Coast Guard Helicopter Rescues Crew From Imperiled Shell Arctic Drilling Rig – Updated

11:44 am in Uncategorized by EdwardTeller

Here is a short video released late Saturday by the U.S. Coast Guard, showing part of the helicopter rescue of crewmen from the drilling platform Kulluk.  The rig has been imperiled by multiple simultaneous engine failures aboard the oceangoing tug Aiviq, which was towing the rig from Dutch Harbor, Alaska to Puget Sound, for modifications, repairs and winter berthing.

Shown in the video are the Kulluk – the round vessel with a tall central tower, the Nanuq – the long, slender vessel, and the Aiviq – the vessel with the helicopter platform over its bow.  The tug Guardsman, not shown in the video, is plotted on MarineTraffic.com as being close by.  All four vessels haven’t moved much since they grouped together yesterday morning. Rather than get close to the shore and seek shelter from the ongoing major winter storm, as they had planned yesterday, they have decided to put as many miles as possible between the rig and the rocks.

Here’s from an Alaska news report:

“It’s precautionary measure. They weren’t in any immediate danger,” Mosley said. “As this continued to unfold, they just wanted to mitigate any potential issues with that crew onboard.”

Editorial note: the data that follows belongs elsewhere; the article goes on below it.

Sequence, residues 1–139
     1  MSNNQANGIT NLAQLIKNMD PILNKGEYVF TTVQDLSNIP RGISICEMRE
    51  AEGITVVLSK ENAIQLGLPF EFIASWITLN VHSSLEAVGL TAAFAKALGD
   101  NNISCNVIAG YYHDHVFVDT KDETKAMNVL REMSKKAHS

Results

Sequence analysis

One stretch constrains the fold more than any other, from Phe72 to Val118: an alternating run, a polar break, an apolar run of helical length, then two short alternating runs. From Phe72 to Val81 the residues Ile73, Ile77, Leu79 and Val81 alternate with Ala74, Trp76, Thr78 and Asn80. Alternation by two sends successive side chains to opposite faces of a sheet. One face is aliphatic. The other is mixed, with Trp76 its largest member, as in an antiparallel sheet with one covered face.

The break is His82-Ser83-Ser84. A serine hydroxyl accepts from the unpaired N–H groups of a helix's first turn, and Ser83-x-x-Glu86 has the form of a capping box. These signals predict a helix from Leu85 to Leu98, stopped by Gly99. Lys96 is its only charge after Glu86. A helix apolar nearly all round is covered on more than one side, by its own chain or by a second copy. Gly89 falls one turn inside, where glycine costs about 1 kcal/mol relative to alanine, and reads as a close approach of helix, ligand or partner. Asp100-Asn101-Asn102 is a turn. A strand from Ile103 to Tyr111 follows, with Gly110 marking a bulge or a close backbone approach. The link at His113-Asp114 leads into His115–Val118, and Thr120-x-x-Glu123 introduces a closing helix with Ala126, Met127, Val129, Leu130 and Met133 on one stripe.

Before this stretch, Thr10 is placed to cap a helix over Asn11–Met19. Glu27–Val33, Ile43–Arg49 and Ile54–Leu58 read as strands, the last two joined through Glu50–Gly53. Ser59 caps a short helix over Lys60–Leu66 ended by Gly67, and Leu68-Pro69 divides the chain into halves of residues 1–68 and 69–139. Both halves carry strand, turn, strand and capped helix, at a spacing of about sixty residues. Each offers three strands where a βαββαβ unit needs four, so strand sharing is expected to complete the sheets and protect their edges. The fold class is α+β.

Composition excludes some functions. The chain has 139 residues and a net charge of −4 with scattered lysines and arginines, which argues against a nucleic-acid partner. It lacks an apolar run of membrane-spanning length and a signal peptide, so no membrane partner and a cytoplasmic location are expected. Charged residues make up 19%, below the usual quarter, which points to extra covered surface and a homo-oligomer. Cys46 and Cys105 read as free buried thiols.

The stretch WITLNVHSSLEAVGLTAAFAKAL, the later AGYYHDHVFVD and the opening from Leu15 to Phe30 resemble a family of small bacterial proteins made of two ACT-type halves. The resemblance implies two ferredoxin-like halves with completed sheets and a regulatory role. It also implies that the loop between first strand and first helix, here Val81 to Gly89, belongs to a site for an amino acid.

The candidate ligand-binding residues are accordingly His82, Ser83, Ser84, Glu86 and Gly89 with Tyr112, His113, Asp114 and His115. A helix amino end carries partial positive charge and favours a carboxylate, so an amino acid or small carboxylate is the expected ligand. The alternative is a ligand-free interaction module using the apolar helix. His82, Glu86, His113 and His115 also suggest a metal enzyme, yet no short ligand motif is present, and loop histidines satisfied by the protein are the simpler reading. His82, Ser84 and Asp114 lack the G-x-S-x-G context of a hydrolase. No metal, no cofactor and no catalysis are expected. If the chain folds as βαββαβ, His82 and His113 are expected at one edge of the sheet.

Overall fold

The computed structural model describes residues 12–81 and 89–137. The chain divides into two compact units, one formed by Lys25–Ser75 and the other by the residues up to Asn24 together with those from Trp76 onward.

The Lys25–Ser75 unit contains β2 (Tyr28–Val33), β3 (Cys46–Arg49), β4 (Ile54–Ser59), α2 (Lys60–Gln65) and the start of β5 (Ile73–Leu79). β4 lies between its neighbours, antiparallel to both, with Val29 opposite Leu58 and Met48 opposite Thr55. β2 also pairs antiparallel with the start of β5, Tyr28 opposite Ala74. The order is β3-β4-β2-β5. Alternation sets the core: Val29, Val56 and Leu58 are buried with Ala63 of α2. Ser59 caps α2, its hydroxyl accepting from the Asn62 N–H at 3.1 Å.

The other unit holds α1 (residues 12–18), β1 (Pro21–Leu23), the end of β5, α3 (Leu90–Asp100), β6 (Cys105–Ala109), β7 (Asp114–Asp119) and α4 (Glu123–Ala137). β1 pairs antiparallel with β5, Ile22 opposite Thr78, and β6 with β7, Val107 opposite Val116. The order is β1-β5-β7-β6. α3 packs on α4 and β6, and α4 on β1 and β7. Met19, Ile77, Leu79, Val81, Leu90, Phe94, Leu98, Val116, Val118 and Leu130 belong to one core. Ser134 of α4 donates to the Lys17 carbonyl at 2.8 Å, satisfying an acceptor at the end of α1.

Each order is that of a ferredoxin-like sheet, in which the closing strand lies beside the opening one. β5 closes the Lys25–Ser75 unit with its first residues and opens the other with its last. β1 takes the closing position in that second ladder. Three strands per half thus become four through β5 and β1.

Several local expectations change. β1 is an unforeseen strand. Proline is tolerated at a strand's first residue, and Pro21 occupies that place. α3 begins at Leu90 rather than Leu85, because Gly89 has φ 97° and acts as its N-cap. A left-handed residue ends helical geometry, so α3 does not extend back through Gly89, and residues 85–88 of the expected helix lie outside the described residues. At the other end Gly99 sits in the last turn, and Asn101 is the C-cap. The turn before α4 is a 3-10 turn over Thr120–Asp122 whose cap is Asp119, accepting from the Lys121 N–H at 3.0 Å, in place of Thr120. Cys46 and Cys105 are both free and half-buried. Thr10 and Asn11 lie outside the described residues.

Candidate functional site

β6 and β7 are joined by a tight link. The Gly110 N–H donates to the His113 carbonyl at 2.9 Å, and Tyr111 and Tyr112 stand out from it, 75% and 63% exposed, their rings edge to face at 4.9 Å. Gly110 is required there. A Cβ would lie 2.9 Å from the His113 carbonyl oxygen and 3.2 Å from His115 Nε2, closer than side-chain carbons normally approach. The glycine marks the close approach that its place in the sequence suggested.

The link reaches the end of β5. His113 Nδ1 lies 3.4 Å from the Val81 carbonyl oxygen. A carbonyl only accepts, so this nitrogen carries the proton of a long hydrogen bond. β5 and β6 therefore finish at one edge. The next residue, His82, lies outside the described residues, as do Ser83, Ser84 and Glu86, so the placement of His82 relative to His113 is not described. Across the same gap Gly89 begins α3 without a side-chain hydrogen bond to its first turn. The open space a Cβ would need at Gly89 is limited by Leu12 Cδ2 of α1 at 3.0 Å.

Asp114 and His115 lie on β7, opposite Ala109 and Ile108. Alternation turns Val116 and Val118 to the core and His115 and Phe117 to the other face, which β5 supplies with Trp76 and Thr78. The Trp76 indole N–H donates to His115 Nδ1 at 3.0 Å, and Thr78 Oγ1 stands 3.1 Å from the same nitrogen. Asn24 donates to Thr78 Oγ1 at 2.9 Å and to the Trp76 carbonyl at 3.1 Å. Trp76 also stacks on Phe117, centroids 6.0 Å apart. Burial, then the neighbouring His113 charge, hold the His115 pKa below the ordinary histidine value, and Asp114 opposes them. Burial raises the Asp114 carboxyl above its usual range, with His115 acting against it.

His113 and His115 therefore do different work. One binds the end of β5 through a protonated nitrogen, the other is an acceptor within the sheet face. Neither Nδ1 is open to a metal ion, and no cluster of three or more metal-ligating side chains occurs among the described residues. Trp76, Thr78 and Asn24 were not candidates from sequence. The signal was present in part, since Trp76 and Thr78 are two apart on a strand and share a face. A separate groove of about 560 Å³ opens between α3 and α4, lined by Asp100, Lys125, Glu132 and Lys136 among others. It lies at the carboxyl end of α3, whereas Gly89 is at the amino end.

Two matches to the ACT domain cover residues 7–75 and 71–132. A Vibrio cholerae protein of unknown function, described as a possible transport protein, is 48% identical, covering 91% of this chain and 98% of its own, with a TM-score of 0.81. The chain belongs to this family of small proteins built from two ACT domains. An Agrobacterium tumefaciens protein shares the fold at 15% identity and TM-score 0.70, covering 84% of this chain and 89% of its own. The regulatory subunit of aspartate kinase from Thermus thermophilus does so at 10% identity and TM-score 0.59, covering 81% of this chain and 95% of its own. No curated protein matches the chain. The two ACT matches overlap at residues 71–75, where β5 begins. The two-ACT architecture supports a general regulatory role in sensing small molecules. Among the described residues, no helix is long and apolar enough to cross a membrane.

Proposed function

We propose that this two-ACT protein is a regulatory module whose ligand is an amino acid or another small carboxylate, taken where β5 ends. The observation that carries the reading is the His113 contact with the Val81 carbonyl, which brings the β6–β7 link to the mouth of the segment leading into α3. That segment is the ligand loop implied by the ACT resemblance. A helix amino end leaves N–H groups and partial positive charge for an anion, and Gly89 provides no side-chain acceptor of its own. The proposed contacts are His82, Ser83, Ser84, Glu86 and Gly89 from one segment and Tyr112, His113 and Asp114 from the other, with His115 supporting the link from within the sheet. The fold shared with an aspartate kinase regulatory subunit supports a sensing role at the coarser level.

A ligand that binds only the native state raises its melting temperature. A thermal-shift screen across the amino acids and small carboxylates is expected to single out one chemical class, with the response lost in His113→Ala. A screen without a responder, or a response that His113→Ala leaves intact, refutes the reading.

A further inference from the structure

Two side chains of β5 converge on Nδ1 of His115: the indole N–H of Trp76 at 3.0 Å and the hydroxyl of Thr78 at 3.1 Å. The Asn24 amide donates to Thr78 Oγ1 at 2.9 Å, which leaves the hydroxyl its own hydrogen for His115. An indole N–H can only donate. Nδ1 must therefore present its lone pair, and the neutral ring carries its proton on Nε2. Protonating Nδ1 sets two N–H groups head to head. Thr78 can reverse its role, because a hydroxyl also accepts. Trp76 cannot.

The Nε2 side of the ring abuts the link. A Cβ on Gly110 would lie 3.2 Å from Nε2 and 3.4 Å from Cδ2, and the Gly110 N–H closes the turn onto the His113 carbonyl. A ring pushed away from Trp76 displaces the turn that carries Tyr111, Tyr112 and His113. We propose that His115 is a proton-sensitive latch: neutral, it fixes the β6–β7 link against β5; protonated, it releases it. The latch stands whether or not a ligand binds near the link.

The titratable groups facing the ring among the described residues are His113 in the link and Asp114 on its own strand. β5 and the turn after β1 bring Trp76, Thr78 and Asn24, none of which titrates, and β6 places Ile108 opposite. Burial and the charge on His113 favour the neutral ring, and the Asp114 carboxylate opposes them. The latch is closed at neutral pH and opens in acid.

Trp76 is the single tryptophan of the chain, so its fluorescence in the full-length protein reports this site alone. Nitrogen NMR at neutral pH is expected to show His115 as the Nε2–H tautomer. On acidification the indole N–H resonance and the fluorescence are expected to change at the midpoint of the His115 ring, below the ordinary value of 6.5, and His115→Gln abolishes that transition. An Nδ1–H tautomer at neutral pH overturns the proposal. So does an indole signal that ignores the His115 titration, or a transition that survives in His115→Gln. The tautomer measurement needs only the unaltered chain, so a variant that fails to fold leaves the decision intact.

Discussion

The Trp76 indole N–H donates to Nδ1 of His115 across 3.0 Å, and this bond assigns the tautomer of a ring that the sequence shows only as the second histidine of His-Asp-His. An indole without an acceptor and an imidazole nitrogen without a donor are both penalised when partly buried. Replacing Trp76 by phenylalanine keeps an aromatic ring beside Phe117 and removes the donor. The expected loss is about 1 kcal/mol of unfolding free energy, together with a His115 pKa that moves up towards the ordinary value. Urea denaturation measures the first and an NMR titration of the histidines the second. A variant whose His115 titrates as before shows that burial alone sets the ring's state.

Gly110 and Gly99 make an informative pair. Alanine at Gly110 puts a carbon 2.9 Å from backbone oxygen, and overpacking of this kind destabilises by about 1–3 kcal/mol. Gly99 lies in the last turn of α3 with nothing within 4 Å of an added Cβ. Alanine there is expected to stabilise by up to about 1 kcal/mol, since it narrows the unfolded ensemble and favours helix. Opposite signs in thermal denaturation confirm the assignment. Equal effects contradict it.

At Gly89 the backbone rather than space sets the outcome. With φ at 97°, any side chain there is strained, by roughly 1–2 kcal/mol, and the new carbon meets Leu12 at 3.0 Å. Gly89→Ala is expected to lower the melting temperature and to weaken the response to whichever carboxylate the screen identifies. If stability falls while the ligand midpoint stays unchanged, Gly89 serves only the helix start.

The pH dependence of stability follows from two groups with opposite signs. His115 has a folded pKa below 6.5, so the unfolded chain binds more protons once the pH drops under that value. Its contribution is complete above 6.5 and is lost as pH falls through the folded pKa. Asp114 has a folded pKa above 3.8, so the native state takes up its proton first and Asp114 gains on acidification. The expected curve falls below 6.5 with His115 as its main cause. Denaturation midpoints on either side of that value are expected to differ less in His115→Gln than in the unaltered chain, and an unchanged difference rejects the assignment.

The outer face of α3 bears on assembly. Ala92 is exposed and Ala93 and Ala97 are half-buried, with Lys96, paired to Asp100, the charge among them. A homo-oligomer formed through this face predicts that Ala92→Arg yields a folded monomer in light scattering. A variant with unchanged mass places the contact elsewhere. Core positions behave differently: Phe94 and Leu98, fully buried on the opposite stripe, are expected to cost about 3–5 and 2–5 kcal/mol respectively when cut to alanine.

Coast Guard helicopters were also able to deliver a ton of engine parts and technicians to the Aiviq, and the ship’s crew had two of its four engines up and running by Saturday morning, Shell said.

What started as 20-foot seas and 40 mph wind built to 35-foot seas and gusts to more than 50 mph, the Coast Guard said.

The weather and the combined weight of the Kulluk and Aiviq were too much for the tugboat Guardsman, which was unable to stop the vessels from drifting. By 5:30 a.m. Saturday, its towline had also broken free, the Coast Guard said. Saturday morning, the Kulluk was about 27 miles from the Trinity Islands and drifting at a rate that would have had it hitting the islands in as little as 12 hours, Mosley told the Associated Press.

“We don’t want it to go aground,” he said. “When a vessel goes aground, it’s directly played upon by the waves hitting it and having it hit something solid.”

In what Shell spokesman Curtis Smith described as “cascading assets into the theater,” another Shell-contracted ship, the Nanuq, had been sent from Seward at the first sign of trouble. It arrived Saturday morning. The Aiviq soon had all four of its engines running, and with the Nanuq’s help, was towing the Kulluk farther out to sea to the southeast late Saturday, Smith said. The plan was to avoid more bad weather and the worst-case scenario that the vessels could again drift toward land, he said.